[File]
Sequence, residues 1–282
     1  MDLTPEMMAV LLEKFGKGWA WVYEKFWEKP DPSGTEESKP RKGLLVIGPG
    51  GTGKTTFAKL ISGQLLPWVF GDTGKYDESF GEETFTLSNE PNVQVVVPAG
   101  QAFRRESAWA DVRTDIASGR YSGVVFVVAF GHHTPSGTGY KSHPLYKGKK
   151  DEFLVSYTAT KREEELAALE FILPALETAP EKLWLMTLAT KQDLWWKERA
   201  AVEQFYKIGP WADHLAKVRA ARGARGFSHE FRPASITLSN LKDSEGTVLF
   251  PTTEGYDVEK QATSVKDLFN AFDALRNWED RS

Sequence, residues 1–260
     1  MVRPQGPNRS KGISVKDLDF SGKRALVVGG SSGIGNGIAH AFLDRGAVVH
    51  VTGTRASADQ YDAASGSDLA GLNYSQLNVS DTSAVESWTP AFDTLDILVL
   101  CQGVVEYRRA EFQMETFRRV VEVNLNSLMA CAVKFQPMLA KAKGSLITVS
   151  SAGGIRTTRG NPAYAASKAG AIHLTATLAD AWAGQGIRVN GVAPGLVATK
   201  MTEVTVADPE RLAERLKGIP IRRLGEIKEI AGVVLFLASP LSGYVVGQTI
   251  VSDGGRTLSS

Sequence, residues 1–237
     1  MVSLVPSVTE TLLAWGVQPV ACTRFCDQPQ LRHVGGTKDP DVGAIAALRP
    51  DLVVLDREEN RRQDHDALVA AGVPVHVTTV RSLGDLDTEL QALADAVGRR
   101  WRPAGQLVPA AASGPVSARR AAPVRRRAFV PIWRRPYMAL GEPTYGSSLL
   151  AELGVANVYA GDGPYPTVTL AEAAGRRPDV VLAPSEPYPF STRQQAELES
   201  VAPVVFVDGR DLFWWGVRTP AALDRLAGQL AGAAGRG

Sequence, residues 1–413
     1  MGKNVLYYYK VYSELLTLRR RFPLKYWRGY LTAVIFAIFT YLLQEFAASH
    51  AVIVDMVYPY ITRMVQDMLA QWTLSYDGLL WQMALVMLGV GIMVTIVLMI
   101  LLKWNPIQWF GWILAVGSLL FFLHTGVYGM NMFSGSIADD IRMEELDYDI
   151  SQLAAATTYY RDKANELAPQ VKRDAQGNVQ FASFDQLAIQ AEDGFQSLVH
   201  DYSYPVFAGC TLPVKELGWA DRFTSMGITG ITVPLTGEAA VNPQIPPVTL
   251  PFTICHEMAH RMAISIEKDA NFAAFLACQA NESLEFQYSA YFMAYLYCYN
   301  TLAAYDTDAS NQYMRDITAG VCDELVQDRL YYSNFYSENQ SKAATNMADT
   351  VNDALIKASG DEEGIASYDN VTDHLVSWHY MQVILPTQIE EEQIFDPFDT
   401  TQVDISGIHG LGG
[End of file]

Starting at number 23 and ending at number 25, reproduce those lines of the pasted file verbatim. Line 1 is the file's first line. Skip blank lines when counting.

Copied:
    51  AVIVDMVYPY ITRMVQDMLA QWTLSYDGLL WQMALVMLGV GIMVTIVLMI
   101  LLKWNPIQWF GWILAVGSLL FFLHTGVYGM NMFSGSIADD IRMEELDYDI
   151  SQLAAATTYY RDKANELAPQ VKRDAQGNVQ FASFDQLAIQ AEDGFQSLVH